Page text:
This post was written by Lilly Stewart.
One of the great things about my internship with the SCA Hudson Valley Corps is the opportunity to work with other organizations, learn new things and take part in exciting programs like the Clearwater. For one fantastic week I got to be a sailor and teach environmental programs while sailing up and down the Hudson River.
The Clearwater Program was started by Pete Seeger in the 1960’s as an effort to foster a connection with the Hudson River and encourage people to take an interest in cleaning up the river. Today, students groups from Troy to Manhattan go on educational sails to learn about the history and environmental issues of the Hudson River Estuary. I got to be a part of this program for one week as a volunteer educator on the Clearwater’s sister ship, the Mystic Whaler. In addition to teaching, we helped sail the ship, prepare meals and help with deck chores. As a farm girl from Ohio, whose seafaring experience was pretty much limited to the occasional canoe trip, I had a lot to learn.
On the first day I was amazed by the crew’s patience as they taught us how to lead the groups through the educational sails, assist with sailing and all other functions aboard a tall ship. Our days began at 7 and did not stop until after dinner was cleaned up and all the sails were furled. We had two groups of students on 3 hours sails each day. We would meet the students on the dock and after a brief introduction, usher them onto the boat. Captain John would introduce himself and go over the rules as we motored away from the dock. If the conditions were right, we would go fishing with a trawl net. While I was on board we caught several fish, a blue crab, some eels and a few rocks.
Shannon teaching sea shanties to a group of students while under sail.
Once we were out in the middle of the river it was time to set sails. On the captain’s command the kids eagerly hauled on the lines and lifted the huge, billowing, white sails. Having an entire class hauling on the lines made the enormous sails feel light. When the sails were set the crew and volunteers scurried around on the deck getting everything back in place and ready for the students to move around the boat.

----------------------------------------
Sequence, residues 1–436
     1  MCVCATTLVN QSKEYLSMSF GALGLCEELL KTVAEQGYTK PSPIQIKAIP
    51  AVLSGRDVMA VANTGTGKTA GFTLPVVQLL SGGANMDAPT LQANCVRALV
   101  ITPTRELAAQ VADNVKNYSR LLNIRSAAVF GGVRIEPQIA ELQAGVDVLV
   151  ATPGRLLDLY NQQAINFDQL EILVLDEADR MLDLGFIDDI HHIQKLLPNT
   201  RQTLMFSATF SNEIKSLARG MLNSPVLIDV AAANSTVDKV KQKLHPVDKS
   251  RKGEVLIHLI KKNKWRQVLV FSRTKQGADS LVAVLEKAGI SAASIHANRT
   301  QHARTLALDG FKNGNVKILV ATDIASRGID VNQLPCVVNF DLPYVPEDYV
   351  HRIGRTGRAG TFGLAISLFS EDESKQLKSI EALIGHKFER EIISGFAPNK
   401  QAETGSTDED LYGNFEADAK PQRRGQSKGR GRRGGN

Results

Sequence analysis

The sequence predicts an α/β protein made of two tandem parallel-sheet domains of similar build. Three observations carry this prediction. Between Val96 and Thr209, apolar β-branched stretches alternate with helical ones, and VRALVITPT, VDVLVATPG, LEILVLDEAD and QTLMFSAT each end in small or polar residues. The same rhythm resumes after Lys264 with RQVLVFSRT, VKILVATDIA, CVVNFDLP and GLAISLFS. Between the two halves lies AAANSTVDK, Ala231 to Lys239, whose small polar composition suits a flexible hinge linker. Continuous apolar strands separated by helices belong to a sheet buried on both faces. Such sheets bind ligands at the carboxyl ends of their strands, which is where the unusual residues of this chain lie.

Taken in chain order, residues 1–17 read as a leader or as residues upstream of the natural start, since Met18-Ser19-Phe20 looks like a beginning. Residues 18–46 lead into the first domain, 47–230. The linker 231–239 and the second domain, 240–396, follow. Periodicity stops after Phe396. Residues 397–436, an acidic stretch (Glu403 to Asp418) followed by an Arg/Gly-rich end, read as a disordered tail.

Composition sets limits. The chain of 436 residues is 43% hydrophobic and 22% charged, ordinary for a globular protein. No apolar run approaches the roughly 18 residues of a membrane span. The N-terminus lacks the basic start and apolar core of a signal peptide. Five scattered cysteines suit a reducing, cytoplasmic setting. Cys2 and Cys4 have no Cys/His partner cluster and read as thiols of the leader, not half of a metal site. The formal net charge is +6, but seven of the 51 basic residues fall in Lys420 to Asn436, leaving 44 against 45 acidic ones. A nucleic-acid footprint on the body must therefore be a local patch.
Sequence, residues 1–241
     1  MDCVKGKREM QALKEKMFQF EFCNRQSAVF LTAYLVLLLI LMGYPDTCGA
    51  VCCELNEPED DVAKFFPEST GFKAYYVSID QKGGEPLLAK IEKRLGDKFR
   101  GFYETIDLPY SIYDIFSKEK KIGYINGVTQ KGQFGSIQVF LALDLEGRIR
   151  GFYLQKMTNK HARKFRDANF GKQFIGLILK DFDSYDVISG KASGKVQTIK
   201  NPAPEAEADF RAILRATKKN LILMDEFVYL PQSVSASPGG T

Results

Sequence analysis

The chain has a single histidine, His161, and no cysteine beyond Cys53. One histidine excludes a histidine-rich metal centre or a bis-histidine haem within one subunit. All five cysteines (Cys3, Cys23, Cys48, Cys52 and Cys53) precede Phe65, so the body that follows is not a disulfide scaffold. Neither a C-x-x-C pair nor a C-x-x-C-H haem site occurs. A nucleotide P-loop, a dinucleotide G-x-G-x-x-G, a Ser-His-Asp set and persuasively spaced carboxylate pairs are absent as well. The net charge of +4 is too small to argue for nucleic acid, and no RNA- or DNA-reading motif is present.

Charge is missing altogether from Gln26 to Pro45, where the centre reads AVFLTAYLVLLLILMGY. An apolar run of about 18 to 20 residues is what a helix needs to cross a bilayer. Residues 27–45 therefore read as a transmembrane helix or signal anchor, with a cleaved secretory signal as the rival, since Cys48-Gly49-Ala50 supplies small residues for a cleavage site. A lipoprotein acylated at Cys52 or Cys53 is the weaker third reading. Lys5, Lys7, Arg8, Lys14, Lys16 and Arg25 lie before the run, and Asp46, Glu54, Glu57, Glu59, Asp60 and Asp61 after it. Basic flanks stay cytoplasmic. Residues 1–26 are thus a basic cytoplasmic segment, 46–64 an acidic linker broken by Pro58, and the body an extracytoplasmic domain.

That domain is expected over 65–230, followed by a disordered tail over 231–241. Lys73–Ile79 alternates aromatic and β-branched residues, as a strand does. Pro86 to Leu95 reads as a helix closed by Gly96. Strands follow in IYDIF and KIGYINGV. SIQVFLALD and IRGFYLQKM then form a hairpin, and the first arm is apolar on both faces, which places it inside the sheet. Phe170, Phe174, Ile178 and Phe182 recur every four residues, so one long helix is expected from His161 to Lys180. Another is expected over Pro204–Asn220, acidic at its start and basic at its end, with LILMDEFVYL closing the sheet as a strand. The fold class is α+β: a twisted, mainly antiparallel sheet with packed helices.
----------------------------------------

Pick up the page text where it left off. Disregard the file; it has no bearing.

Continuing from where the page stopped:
Some of the crew and volunteers dressed up for a skit about the history of the Hudson Valley.
As a volunteer, I lead the groups to the different stations and taught brief lessons on water chemistry, aquatic life, navigation and history. The first few groups were stressful but I quickly gained confidence in my ability to teach these lessons. One on the highlights of the sails was always the moment of silence when we got the kids back together to pause and take in the beauty of the river and the experience of sailing. The moment of silence was then broken by music and the students were taught a sea shanty or two. We would then continue to the other stations, furl the sails sing another shanty and send the kids off to the buses.
One brave student holds a blue crab that we caught in the trawl net.
After a quick lunch, we got ready to do it all again for an afternoon sail. Then we did some evening chores and enjoyed a sit down dinner with the captain, the whole crew and candle light. Every day was packed full of activity from sunrise to sunset and before I knew it, the week was over.
Kailey, Page, and Jim furling sails after a storm.
The whole experience was magical. I knew nothing about sailing when I stepped onboard and I was just beginning to feel comfortable with the sailing lingo when I left. Waking up on a tall ship docked on the Hudson was amazing, watching little kids raising the sails while singing timeless sea shanties was like nothing I have experienced. While I spend most of my internship planting trees up in the Catskill Mountains, this was a great opportunity to connect with the greater context of the history and the future of the environmental movement in the Hudson Valley and now I know I definitely want to be a pirate when I grow up.
For more information on the Hudson River Sloop Clearwater, educational and volunteer programs, check out www.clearwater.org.